My Battle For Better Health: 5 Things You Can Do To Help Someone With Depression

11/16/2015 House of Geekiness 34 Comments

Depression is a lonely disease that makes all of us feel helpless. As someone who has had depression for almost my entire life, I've written a short bit for those who wonder what they can do to help someone with depression.

We all have days when we're sad or don't want to get out of bed. This article can help with that, but what I'm really talking about is Clinical Depression, aka Major Depressive Disorder, and other forms of long term depression.
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My husband and I both suffer from Clinical Depression. I've had it since childhood. It's something I'm very open about because I want help and because I want to help others if I can. (You can read more about my battle with depression here.) There's a huge amount of people in our area with depression, and a church leader recently asked me what she could to do help us. Thus, this article. Thank you for caring enough to ask, Charlene!

Here are 5 small things you can do to help someone with depression that can make a huge difference.

1. NEVER assume or even think that it's all in their head
Depression is an illness, not just a mindset. There are ways to help the symptoms, but it's not something you just get over. Want more info? Here's what the National Institute of Mental Health and the Mayo Clinic have to say about depression.

2. Don't Judge
Yes, there are things I can do to feel better, but don't ever tell someone that depression is their fault. Depression does not discriminate. Good people get it, people who are active and deserve the best the world can give them. Brains are complicated, and no one knows for sure the exact cause of every case. According the the NIMH, "depression is caused by a combination of genetic, biological, environmental, and psychological factors."  So, unless you're smarter than the world's most brilliant medical minds, please don't judge.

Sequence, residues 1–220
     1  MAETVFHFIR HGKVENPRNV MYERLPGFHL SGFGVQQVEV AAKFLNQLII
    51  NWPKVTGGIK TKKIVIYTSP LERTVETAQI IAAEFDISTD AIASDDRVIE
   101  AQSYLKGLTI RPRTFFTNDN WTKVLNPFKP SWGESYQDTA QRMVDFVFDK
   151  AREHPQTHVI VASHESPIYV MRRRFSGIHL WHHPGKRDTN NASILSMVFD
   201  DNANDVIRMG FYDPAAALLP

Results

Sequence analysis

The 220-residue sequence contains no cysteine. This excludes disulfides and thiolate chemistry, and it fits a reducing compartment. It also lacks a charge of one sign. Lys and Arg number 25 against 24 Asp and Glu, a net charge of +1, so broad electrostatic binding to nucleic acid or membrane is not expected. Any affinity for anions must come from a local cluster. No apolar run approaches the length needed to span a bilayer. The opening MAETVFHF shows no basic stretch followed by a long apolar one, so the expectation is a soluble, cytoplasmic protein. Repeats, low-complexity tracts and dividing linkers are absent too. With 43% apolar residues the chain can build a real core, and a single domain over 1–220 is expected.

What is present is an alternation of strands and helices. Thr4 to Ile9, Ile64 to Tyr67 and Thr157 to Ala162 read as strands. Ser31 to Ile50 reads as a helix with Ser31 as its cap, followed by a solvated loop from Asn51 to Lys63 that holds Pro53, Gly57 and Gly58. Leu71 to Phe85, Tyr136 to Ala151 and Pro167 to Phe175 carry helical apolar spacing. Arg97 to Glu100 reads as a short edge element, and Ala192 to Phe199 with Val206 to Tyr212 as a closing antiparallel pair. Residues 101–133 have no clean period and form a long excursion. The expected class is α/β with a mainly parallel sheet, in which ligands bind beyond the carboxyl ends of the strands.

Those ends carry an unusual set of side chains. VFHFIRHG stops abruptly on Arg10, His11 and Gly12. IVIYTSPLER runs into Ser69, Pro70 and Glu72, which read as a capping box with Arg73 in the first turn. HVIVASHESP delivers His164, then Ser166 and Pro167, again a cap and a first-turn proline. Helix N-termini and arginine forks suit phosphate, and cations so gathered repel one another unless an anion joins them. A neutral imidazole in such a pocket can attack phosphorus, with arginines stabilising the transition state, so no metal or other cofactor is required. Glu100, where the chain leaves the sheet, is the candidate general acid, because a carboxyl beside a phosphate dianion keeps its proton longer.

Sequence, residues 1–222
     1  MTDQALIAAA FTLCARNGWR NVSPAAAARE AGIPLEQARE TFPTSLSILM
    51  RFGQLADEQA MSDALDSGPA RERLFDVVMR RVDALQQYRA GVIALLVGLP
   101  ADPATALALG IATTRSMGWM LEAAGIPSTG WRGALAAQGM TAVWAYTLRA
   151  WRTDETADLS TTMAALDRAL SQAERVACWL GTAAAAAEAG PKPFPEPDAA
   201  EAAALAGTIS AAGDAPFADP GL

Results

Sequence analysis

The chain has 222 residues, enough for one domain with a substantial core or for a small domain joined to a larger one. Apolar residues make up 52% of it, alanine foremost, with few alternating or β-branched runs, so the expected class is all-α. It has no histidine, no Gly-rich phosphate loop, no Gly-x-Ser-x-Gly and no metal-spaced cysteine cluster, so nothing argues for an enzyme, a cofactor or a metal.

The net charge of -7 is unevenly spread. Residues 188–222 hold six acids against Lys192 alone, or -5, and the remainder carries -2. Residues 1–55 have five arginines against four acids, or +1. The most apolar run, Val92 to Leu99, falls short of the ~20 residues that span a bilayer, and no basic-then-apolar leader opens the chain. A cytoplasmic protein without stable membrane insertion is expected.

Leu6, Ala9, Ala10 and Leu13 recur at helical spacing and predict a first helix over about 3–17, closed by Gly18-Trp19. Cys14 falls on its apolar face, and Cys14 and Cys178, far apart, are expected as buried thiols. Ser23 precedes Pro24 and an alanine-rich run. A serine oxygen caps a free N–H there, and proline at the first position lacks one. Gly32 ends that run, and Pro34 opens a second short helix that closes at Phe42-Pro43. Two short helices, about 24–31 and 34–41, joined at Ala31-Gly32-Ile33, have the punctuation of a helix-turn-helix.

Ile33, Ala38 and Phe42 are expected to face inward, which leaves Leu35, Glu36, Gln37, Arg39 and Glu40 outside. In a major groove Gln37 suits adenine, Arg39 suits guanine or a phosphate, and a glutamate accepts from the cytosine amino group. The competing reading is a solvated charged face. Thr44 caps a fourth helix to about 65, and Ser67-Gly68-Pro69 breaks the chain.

Don't tell me what I'm doing wrong or what I need to do. Don't spout advice, we've heard it all before. Unless I trust you enough to ask for help, please don't.

Even though it influences everything I do, I am not my disease. Sometimes we fail, sometimes we do stupid things, sometimes we give up, and sometimes we excel.

3. Be there, let them know they're not alone
I can tell you from experience that when someone takes even a few minutes to sit and talk, it helps a lot. When this happens, I feel loved and feel like someone cares enough about me to see how I'm doing or just share a laugh. This also goes along with "don't judge." Instead of giving unsolicited advice, if you truly care, try to see how I'm doing. If I can tell you care, and if I trust you, I am a million times more likely to come to you for help when I'm ready to accept it.

4. Help them see from a healthier perspective